GM in the Barrel, Again

Here we go again. With truck sales in an out-and-out freefall, we once again have talk that General Motors will lose another sales crown. This one would be trailing Toyota not just in the global markets, but here at home in the US of A. Some media reports have hinted that GM’s 0% finance offers are targeted toward keeping Toyota off GM’s tail.

I don’t buy it. And hopefully, GM Chairman and CEO Rick Wagoner and President and COO Fritz Henderson aren’t thinking that way, either. I doubt they are. Sales crowns mean nothing when a company is fighting for survival. More likely, GM is trying to squeeze every last sale in this weakest of car markets to keep cash rolling in the door. When I wrote about GM’s cash problems several weeks ago, Wall Street analysts variously estimated that GM would run down to—or close to—its bare minimum of cash of about $10 billion by the end of next year. And that was before June sales started sinking like a Hummer dropped in the Detroit River. It was also before Standard & Poor’s put the Detroit carmakers on watch for a possible downgrade deeper into junk territory. As Gimme Credit analyst Shelly Lombard put it, everyone sees GM burning a lot of cash, but there’s a lot of uncertainty over where the truck market bottoms out.

So here we are in summer 2008 and GM is back to where the company was in its dark 2005, only worse in some ways. Market share fell below 20% in May. It was 26% at the end of 2005. The drop in truck sales has GM once again buying out another round of workers. About 19,000 will head off into early retirement or take some kind of buyout deal. GM bought out 34,500 of them with a deal done in 2005. Like 2005, cash is burning and only overseas operations are making any money.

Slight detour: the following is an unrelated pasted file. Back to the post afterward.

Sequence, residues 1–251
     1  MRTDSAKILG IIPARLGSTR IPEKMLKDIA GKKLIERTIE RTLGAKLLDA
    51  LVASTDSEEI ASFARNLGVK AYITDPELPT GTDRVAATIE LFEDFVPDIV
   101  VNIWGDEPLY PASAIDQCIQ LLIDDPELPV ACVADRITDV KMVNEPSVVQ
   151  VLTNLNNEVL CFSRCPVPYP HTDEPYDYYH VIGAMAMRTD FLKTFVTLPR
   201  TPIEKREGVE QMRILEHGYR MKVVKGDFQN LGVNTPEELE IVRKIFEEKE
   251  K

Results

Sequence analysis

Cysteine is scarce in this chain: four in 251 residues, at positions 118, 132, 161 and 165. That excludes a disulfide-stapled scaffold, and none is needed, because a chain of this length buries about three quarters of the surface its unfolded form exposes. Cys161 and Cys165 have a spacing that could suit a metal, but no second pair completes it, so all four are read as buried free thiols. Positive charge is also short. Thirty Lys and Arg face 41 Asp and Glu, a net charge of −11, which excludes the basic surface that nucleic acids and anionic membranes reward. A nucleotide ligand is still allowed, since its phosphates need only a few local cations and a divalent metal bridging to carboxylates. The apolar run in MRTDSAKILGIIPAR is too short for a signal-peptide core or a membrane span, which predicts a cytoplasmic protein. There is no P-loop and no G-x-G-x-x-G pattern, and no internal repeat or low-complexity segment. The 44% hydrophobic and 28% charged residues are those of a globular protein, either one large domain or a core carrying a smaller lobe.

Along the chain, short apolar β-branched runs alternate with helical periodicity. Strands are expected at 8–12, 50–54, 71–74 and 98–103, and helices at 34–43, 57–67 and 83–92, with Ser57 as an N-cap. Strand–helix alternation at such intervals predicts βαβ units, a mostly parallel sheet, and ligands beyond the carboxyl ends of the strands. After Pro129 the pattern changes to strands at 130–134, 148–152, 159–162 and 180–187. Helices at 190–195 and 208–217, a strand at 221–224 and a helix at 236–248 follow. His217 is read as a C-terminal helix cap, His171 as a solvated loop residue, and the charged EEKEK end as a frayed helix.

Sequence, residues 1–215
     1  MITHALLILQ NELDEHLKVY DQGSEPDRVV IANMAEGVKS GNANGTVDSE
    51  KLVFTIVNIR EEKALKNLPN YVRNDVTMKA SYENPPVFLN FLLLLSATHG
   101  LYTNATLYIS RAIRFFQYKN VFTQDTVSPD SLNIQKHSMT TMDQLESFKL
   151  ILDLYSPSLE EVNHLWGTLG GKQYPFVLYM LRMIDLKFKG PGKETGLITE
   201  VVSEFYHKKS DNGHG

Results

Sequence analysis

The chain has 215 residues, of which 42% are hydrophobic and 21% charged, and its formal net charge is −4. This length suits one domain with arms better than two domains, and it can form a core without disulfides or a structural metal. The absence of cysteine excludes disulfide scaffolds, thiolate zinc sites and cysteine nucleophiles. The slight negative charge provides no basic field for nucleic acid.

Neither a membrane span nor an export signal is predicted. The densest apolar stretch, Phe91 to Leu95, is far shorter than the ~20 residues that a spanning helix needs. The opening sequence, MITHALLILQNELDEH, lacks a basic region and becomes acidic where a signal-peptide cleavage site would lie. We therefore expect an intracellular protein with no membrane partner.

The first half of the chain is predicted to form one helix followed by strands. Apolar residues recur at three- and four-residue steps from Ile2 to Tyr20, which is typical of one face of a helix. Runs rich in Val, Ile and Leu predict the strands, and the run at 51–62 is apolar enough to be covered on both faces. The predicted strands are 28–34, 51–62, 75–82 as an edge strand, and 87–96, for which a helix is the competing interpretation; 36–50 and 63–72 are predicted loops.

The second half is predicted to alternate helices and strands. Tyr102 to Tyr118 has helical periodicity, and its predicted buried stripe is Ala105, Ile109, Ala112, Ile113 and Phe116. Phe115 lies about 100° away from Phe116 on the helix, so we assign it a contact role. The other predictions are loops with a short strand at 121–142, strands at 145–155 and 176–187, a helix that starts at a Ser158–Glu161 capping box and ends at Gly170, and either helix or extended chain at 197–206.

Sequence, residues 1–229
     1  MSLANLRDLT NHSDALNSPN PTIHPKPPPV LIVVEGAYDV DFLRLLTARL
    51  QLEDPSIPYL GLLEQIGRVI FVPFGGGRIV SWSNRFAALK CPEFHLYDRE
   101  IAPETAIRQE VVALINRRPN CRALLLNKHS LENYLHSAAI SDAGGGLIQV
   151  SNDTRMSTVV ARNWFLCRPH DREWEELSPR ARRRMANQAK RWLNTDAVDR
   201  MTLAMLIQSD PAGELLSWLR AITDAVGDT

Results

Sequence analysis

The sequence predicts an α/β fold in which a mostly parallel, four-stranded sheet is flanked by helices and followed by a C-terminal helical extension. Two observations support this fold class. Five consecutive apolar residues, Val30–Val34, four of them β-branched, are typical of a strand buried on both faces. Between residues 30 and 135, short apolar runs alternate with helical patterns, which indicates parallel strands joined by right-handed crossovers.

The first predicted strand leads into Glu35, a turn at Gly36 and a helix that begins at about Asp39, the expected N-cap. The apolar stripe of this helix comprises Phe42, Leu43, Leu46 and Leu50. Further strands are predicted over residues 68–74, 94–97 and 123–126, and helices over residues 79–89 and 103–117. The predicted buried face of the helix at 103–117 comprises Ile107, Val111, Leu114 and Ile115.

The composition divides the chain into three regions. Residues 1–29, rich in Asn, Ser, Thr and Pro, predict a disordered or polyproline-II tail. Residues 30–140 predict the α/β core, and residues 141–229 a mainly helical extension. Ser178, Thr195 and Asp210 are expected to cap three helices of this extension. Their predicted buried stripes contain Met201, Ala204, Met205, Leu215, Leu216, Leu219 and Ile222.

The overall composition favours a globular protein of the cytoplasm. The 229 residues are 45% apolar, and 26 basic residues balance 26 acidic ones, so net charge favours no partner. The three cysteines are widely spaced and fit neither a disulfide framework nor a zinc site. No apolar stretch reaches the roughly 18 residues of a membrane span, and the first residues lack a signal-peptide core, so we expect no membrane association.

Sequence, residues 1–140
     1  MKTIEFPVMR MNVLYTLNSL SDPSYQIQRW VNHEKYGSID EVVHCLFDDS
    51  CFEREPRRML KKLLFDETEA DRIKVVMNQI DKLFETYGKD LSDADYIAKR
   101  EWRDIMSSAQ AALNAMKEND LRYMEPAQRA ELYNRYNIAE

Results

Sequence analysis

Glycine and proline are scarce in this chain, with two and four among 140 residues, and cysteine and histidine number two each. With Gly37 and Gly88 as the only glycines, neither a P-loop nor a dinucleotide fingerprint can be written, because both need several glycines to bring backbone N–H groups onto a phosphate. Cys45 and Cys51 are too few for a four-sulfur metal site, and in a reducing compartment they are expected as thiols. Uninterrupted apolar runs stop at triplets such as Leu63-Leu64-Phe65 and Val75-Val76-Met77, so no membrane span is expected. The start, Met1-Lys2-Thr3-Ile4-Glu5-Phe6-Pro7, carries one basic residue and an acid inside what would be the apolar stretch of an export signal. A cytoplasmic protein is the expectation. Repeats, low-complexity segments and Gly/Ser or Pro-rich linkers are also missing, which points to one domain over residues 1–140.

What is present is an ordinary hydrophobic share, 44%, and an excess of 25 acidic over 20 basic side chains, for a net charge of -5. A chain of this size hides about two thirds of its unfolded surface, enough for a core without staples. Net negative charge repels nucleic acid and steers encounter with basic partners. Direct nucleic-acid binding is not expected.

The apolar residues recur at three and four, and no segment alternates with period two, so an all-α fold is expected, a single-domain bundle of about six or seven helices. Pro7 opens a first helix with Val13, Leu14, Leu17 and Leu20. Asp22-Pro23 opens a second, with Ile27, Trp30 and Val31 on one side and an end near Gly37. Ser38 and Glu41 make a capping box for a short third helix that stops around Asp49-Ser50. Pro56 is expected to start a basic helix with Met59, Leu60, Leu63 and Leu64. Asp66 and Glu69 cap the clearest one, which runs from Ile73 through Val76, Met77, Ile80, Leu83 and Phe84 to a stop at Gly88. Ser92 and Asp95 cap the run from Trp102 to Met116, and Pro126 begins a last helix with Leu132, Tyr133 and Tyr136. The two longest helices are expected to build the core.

The good news is that GM has already done some of the restructuring it needs. It has a labor deal which will help in the next two years. And its newest passenger cars and crossover suvs are selling. The company is even boosting production at its car plants. Those new vehicles, like the Chevy Malibu sedan and Buick Enclave crossover suv, sell at much higher prices than their weak predecessors. That makes once thinly-profitable cars ( or money losers) look a little better on the income and cash flow statements.

The problem is that those bright signs only mitigate the greater damage that comes from the drop in pickup truck and suv sales. As evidence, GM will build 170,000 fewer trucks in the second half of the year and only 47,000 more cars. And those cars don’t generate as much cash as the trucks once did. GM had almost $24 billion in cash at the end of March. The company has said that it needs $18 billion to $20 billion to last an ugly downturn. The company will likely have to raise cash. Hopefully for GM’s sake, it has planned for a downturn that is as ugly as the one we're seeing today.